Ben Claassen III (For Express)

My husband has to “win” every argument, no matter how small. Even when he is clearly wrong, he has to have the last word. He is a sensitive man and not at all domineering, yet when there is a disagreement, even about something factual, he has to defend himself and will never admit being wrong. I tell him that this drives me crazy and makes me not want to talk to him, but he can’t seem to stop. Can’t Stand This 

But in these arguments, he is being domineering. Granted, it might not come from a typically controlling personality: Perhaps it’s obsessiveness, nit-pickiness, tunnel vision or just being certain he is the definitive expert on ’80s band Fun Boy Three. Bulldozing his way through these interactions is still not “sensitive,” though. And refusing ever to admit being wrong is choosing to put a serious crack in the foundation of a true partnership. Of course, this gets meta — talking to him about how it affects you might bring out the same refusal — so maybe it’s time to break out the advice column cliche of showing him this letter?

Their texts are really testing me

My wife texts with her brother day and night. They have always been close and I appreciate that, but I feel like it is too much. I know he is her brother, but I feel like he knows her better than I do. I have caught her sharing news with him before me, or running stuff past him to figure out how and whether to talk to me about it. She says that since he is single, she serves an extra role for him since he doesn’t have another main confidant like she does. But it is past the point of getting old. Please tell me how to handle this. —Jealous Husband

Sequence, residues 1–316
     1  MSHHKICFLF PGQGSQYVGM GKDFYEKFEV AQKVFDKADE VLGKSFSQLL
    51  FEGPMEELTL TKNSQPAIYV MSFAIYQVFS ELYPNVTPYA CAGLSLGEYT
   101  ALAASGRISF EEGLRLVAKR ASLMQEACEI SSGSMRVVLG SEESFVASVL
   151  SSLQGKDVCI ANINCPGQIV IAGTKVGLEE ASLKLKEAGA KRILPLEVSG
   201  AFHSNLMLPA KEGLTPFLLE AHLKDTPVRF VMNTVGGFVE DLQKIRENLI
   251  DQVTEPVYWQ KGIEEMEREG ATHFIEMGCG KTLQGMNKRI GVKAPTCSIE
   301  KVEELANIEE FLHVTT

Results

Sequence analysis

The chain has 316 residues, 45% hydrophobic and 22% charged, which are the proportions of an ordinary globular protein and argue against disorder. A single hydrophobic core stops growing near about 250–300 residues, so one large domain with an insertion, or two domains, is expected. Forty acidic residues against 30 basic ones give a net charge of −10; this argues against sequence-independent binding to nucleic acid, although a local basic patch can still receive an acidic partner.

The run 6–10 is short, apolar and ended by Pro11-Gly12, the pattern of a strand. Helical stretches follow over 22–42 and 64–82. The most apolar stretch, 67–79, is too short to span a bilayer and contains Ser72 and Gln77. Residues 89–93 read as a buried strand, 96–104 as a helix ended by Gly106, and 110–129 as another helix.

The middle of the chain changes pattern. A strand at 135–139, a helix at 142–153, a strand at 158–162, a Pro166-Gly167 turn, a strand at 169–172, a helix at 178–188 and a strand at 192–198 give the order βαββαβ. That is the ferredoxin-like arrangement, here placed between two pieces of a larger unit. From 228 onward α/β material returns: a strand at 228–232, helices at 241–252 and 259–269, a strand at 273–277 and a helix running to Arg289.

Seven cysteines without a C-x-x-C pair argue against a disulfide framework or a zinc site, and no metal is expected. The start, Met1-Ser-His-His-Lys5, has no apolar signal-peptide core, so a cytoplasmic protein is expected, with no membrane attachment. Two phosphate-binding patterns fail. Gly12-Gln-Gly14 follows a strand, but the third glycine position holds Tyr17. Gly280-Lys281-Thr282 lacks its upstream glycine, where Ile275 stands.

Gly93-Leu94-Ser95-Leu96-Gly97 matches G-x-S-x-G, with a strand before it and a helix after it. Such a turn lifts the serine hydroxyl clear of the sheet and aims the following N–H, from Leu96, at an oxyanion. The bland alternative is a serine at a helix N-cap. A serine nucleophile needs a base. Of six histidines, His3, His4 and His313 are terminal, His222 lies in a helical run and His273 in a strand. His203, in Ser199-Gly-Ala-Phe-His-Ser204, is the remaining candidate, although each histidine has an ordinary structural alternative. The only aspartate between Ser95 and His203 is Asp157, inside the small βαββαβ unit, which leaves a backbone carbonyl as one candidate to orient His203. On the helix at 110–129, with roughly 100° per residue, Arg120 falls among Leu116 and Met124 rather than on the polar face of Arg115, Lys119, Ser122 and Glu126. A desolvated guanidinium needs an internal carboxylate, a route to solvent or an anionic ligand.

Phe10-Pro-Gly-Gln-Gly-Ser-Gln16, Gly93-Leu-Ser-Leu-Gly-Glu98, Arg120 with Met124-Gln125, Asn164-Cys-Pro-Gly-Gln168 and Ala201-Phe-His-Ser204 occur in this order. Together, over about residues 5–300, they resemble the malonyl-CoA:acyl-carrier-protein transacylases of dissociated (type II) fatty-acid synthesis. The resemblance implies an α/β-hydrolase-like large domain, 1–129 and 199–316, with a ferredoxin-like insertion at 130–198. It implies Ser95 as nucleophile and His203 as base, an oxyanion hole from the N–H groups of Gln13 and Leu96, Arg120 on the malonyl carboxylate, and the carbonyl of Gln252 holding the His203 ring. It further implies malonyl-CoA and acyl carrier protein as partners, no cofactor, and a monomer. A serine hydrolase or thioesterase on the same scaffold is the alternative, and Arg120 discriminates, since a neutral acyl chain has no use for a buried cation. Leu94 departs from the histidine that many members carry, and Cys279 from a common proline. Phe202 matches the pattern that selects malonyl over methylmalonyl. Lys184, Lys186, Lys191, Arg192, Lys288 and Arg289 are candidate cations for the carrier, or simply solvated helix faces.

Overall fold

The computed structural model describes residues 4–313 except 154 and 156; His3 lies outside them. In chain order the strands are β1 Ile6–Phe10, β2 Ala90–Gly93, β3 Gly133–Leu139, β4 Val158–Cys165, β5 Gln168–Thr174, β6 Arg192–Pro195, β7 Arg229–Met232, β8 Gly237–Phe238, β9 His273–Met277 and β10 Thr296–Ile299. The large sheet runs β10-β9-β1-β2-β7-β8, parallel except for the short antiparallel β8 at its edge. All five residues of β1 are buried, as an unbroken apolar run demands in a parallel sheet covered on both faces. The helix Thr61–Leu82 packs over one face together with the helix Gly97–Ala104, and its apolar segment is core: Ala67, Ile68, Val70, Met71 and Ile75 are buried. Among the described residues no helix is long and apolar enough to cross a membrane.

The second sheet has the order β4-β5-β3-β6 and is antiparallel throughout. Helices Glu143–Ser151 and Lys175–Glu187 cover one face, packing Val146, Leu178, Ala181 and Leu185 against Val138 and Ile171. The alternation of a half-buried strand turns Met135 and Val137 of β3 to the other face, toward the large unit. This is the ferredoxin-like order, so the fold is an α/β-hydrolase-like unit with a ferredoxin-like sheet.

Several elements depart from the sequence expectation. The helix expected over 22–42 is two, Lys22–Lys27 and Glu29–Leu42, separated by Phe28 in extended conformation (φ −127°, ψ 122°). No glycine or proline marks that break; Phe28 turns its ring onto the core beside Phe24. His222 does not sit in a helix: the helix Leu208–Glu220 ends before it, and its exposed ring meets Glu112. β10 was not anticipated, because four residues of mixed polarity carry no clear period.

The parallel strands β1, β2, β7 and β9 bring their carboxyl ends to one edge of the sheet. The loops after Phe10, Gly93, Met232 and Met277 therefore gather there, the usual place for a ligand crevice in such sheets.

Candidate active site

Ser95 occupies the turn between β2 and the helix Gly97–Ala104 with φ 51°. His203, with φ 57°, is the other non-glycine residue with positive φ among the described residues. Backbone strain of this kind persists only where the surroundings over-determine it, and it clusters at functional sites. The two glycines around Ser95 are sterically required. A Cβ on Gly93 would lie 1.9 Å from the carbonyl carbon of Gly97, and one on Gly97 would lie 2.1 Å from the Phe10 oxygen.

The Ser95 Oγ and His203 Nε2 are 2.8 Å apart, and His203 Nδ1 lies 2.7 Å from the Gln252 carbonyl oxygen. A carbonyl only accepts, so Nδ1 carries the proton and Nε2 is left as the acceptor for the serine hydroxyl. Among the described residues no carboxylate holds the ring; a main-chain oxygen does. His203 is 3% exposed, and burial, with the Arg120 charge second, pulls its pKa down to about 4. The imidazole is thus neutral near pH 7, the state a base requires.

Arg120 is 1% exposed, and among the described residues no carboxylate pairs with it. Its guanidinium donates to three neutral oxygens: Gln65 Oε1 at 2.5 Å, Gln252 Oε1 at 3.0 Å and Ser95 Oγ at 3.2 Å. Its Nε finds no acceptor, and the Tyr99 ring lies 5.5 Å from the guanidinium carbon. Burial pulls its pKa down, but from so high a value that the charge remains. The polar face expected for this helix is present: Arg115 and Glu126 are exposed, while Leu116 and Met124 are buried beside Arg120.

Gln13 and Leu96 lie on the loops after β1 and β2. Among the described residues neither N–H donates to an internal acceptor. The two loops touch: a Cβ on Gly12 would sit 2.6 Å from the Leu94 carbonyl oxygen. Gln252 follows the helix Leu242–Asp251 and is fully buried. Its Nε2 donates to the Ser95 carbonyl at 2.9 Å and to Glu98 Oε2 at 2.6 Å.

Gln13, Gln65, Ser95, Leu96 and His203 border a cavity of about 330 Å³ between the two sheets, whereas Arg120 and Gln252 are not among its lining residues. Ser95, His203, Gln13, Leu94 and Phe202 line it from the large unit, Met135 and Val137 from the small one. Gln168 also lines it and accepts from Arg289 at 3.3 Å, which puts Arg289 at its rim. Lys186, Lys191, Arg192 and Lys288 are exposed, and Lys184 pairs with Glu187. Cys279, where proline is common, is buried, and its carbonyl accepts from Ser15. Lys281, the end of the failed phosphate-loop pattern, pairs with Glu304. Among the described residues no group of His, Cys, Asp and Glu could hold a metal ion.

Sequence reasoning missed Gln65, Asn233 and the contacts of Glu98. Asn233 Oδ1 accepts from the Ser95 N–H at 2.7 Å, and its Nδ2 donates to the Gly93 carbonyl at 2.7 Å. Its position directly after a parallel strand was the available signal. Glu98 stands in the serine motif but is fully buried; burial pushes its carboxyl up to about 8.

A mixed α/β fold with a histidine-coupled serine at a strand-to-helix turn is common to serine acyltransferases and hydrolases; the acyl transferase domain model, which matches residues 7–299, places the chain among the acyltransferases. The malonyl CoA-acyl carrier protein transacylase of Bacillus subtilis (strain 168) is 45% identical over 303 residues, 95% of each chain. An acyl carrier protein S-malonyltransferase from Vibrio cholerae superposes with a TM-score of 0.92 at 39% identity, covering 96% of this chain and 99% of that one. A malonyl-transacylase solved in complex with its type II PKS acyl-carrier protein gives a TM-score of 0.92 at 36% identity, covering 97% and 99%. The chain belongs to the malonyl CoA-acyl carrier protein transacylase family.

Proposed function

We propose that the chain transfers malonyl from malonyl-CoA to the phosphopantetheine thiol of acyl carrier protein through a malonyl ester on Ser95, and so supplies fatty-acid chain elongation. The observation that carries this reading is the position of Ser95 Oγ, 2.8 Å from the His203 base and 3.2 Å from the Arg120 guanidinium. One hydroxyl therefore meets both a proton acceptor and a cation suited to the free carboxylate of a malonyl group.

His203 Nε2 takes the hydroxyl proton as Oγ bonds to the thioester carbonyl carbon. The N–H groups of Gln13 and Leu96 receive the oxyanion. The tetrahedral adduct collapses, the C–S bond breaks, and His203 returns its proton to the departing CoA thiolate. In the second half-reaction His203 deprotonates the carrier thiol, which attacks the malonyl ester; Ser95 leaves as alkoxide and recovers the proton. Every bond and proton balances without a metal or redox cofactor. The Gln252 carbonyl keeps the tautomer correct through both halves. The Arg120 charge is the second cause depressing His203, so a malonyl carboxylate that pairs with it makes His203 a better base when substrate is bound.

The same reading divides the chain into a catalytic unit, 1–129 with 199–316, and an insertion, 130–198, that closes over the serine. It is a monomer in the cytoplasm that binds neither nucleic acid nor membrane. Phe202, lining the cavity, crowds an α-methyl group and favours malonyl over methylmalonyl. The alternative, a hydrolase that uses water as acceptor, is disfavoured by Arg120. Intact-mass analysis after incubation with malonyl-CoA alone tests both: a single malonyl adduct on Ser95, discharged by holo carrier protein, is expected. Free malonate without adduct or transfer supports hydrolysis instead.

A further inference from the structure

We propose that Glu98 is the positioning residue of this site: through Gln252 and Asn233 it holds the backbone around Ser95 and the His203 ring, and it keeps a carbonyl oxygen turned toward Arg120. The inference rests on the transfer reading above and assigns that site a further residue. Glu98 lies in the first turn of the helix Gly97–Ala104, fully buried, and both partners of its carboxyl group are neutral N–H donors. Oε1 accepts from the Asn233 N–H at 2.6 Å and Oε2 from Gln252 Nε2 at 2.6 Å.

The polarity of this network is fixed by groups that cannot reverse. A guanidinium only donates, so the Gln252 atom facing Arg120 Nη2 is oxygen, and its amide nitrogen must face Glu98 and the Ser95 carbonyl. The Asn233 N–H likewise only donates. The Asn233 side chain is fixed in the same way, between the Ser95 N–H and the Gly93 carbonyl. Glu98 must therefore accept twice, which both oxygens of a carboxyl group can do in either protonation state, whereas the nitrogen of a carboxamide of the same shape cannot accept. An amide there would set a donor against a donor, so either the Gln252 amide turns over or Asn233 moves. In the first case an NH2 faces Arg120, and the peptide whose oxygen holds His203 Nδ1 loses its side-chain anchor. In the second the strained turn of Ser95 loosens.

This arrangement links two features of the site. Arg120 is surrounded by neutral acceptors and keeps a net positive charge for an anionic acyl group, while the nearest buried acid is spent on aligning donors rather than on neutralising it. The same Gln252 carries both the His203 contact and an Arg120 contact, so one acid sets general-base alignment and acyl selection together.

Exhibit A of why outside relationships need not include sex to cause trouble in a marriage! Has this been getting worse? If so, it might not just be a cause of marital problems but a symptom of them. Granted, spouses need not be the be-all and end-all of each other’s emotional support. Friends and other family members add so much and can be crucial. But her active prioritizing of him over you, time and again, is taking away from what you two share.

Part of this is a tech issue: Texting makes him ever-present in her pocket, even physically between the two of you. So why not start there? Acknowledge that he has a unique role in her life, but the frequency/intensity/nature of her communication with him intrudes upon your own connection. Can she start by putting the phone away at certain times when she’s with you? Making a point to stretch herself to open up to you first sometimes, perhaps initially about ways that she feels a gap between you? Make sure, too, that your relationship with him is in good repair, so that this doesn’t get set up further as a “him vs. me” dichotomy.

Send your questions for Baggage Check to Dr. Andrea Bonior at

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